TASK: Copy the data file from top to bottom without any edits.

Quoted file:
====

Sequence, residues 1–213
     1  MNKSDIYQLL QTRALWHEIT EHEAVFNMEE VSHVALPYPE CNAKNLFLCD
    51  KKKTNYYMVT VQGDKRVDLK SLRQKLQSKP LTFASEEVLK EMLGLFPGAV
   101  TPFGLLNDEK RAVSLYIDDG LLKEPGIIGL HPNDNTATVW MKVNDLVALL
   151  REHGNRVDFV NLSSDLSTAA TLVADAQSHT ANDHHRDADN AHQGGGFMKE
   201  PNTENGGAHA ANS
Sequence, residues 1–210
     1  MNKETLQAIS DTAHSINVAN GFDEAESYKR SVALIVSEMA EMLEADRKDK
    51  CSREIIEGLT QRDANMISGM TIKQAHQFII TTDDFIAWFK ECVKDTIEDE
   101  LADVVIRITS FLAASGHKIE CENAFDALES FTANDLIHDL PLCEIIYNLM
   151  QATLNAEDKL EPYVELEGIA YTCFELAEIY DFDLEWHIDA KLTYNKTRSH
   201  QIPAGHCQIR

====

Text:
Sequence, residues 1–213
     1  MNKSDIYQLL QTRALWHEIT EHEAVFNMEE VSHVALPYPE CNAKNLFLCD
    51  KKKTNYYMVT VQGDKRVDLK SLRQKLQSKP LTFASEEVLK EMLGLFPGAV
   101  TPFGLLNDEK RAVSLYIDDG LLKEPGIIGL HPNDNTATVW MKVNDLVALL
   151  REHGNRVDFV NLSSDLSTAA TLVADAQSHT ANDHHRDADN AHQGGGFMKE
   201  PNTENGGAHA ANS
Sequence, residues 1–210
     1  MNKETLQAIS DTAHSINVAN GFDEAESYKR SVALIVSEMA EMLEADRKDK
    51  CSREIIEGLT QRDANMISGM TIKQAHQFII TTDDFIAWFK ECVKDTIEDE
   101  LADVVIRITS FLAASGHKIE CENAFDALES FTANDLIHDL PLCEIIYNLM
   151  QATLNAEDKL EPYVELEGIA YTCFELAEIY DFDLEWHIDA KLTYNKTRSH
   201  QIPAGHCQIR